Thomas Woods Exclusive Interview: Vox Day speaks with best-selling author about state of U.S. economy


When you say the government created the housing bubble, are you also including the Federal Reserve as part of the equation?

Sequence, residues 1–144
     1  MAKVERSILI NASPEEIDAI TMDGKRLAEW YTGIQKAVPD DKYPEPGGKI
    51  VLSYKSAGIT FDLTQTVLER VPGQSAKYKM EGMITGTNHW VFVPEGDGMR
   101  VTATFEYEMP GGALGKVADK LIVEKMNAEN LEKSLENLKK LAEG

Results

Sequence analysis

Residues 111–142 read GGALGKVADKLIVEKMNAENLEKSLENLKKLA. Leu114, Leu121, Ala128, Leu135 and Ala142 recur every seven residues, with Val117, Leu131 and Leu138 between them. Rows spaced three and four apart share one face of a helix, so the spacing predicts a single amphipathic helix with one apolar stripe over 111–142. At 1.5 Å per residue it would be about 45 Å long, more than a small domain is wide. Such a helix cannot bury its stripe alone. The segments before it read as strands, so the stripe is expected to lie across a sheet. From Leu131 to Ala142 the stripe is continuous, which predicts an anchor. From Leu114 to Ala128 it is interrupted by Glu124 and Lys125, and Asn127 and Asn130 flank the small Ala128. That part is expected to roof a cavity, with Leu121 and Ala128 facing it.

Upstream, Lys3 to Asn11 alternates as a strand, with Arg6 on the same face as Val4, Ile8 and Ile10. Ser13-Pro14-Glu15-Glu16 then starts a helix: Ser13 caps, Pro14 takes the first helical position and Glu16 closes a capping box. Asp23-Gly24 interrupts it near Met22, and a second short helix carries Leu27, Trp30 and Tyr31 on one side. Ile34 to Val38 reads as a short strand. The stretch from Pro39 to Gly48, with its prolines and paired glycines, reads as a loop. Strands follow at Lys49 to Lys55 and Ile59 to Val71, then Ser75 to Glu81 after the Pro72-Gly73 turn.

In my chapter on the subject, I show there were a half-dozen contributing factors, and some of them were clearly government factors. For example, Fannie Mae and Freddy Mac, which are quasi-public, quasi-private agencies whose exact status was not altogether clear to people. It was more or less taken for granted that they would be bailed out by taxpayers if it should come to that, and they got special privileges such as tax and regulatory breaks that were not available to anyone else in the housing market. All of this added up to an incentive to take greater risks than a truly free market actor would take. There’s been a lot of talk among conservatives about the Community Reinvestment Act, which was a Carter-era law that required banks to make loans against their best interests so as not to be sued for so-called discrimination. On the left, there’s been a lot of frustration that this act has been targeted [for helping cause the housing bubble]. They point out that since it dates back to Carter and the late ’70s, how can it be blamed for a bubble 30 years later? The answer is that the act didn’t really have enforcement teeth until the mid-1990s under Clinton. It’s not like we’re just desperately looking around to blame the most irrelevant thing.